What can you tell me about Spanish Mustangs?
   

       The Horse Forum > Horse Breeds, Breeding, and Genetics > Horse Breeds

What can you tell me about Spanish Mustangs?

This is a discussion on What can you tell me about Spanish Mustangs? within the Horse Breeds forums, part of the Horse Breeds, Breeding, and Genetics category
  • How do you know when a horse is a mustang?
  • Arab mustang cross horse

Like Tree1Likes

 
LinkBack Thread Tools
    12-16-2010, 06:18 PM
  #1
dee
Started
What can you tell me about Spanish Mustangs?

I'm told my Dancer may be at least part Spanish Mustang. She's certainly not like any quarter horse I've ever had. All I know about her is from her previous owner, who said she came as a rescue out of New Mexico. She has the biggest feet and head for her size that I have ever seen! She looks almost mule-eared, too...

She has a very smooth trot, and has a tendency to drop into an odd four-beat gait my mother calls an indian shuffle or single footing. Don't know anything about that, much, either.

This is a horrible pic of her, but it's the best up close one I have...

Dancer3.jpg
     
Sponsored Links
Advertisement
 
    12-16-2010, 08:19 PM
  #2
Yearling
Your horse is beautiful!

I believe that my Dun Radar is also also part Spanish/ Kiger Mustang. He looks very similiar

Here is a good website
Spanish Mustang History

I have also attached a pic of him , his conformation looks like the conformation of a spanish mustang. I ask alot of ppl but always get conflicting information. At any rate I was told that you can get a hair test DNA or blood test DNA to see if there are any strains of Spanish Mustang in the DNA but I havent pursued that or talk to the vet about that. I am not sure how much it cost to do that either so hopefully someone else has some insight to offer.
Attached Images
File Type: jpg IMG_0576.jpg (76.0 KB, 413 views)
     
    12-16-2010, 09:42 PM
  #3
dee
Started
They do look like they are similar, don't they? However, Dancer's feet are bigger. They look like pie pans!

I checked out the SMR website. There is a grullo stallion that cold be Dancer's twin - except she only has one white foot. I noticed that a lot of them had that same funky head that Dancer does, too...so maybe?

The website said the DNA test wouldn't work to prove that a horse is a Spanish Mustang, so you couldn't use it to register your horse. However, if your horse's dam or sire's DNA is on file, you might be able to find out some of the lineage, I guess. It's pretty pricey, though. Since I'm not planning on breeding her, I guess it doesn't matter. I lover her anyway!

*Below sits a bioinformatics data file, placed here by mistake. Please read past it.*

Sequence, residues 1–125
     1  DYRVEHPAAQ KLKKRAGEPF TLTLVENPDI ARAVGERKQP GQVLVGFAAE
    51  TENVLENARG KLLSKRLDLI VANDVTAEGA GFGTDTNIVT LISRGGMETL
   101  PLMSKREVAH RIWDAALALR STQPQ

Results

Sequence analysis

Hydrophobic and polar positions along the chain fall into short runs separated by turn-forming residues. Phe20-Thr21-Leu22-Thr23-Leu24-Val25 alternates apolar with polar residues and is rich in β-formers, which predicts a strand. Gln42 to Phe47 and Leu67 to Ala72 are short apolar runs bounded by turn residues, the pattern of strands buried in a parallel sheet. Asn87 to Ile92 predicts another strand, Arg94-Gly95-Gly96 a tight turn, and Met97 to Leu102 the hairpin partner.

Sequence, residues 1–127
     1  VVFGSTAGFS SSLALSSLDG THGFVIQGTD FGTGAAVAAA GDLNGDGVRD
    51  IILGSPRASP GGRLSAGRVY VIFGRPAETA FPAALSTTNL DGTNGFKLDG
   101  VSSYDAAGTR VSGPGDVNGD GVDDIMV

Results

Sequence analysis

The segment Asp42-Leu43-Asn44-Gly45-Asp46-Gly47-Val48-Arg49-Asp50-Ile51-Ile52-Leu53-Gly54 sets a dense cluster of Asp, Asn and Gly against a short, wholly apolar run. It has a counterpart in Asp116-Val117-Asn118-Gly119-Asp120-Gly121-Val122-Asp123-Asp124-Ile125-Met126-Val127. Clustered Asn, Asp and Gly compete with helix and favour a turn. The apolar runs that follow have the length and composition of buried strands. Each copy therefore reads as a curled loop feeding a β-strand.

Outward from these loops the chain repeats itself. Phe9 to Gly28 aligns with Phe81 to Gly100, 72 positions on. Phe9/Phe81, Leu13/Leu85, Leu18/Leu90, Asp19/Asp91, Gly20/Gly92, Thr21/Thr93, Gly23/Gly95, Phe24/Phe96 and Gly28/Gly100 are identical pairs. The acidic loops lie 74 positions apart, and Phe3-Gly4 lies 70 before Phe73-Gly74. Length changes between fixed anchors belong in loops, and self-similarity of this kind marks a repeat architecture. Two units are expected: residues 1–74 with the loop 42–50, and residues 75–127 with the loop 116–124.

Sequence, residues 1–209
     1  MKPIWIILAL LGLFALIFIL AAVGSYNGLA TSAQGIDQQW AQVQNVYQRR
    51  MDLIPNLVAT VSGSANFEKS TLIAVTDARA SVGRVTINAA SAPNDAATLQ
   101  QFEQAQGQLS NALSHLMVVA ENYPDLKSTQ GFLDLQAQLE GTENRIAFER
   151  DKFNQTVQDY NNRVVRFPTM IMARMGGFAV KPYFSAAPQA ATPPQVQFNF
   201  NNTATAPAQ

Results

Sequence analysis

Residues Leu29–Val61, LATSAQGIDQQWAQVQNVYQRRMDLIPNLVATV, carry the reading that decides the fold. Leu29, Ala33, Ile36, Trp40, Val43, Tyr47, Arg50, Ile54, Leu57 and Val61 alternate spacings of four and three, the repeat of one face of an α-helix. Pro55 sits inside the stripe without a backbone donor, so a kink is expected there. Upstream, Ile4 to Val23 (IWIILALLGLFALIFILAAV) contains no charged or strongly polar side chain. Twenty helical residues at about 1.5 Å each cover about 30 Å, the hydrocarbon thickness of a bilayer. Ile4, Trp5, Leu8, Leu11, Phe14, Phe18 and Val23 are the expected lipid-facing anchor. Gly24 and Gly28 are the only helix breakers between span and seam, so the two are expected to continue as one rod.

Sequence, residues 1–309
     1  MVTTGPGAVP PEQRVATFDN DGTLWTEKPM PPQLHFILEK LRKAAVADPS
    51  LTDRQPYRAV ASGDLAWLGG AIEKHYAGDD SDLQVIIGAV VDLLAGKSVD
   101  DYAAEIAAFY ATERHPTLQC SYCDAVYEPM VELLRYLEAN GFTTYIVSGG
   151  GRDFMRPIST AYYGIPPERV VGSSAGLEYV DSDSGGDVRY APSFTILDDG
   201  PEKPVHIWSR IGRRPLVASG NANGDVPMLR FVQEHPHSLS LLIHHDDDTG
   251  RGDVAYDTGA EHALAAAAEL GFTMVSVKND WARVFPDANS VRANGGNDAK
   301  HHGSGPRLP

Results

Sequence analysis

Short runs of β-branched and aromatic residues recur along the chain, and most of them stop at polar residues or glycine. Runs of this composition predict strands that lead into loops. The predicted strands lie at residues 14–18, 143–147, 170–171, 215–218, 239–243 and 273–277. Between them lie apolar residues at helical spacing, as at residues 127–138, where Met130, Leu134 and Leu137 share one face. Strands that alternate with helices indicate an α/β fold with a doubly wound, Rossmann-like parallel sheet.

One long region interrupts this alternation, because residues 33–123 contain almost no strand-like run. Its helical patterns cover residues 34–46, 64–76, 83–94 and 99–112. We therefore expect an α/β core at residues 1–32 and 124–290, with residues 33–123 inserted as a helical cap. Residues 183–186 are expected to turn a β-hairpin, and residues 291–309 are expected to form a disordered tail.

12-16-2010, 11:15 PM
  #4
Yearling
I didnt catch that about the DNA testing. Yeah , mine is gelded so it really doesnt matter to me but I thought it would be nice to find out for sure what exactly he is. There are alot of websites about Spanish mustangs. I am going to try some other websites and I will let you

It is funny because you say about your horses gait because I have seen my horse do that in the pasture. He has a trot to die for!
     
    12-17-2010, 08:39 AM
  #5
dee
Started
One of these days, when Dancer is in better shape (lost a lot of weight due to a fiasco last summer and nursing Rain) I'm going to get some video of her trot and if I'm lucky, some of that odd gait that she does.
     
    12-17-2010, 09:18 AM
  #6
Green Broke
Willow is at least part mustang. She also has a really big head & huge feet for her size. I'll try to post pictures of her later.
     
    12-17-2010, 10:12 AM
  #7
Yearling
My gelding is part spanish mustang. He is extremely smooth as well. And he has a big head lol. He has a really thick mane and is a really thick horse. He is around 17 hh too. He has an oober thick mane that comes down past his shoulder and a tail that sweeps the ground.

Heres my boy. Its not the greatest picture of him or me but its all I got since I lost my camera =\

     
    12-18-2010, 11:51 PM
  #8
Weanling
What do you want to know? I have a registered Spanish Mustang (which is a misnomer their also called Spanish Barba and more correctly the Colonial Spanish Horse). Her pedigree traces back to Etocha Georgia in 1750. These are small (13-15 hh never more) tough horses with great feet and phenomenal endurance. There is no DNA test that proves a horse is a Spanish Mustang, once the papers are lost you can apply as a hardship and the horse would be inspected. They are different from BLM horses as that they are an old breed descended from old Spanish stock without outside influence. They are known to be gaited (certain strains more than others). They are smart, behave differently than modern breeds and have a better concept of self.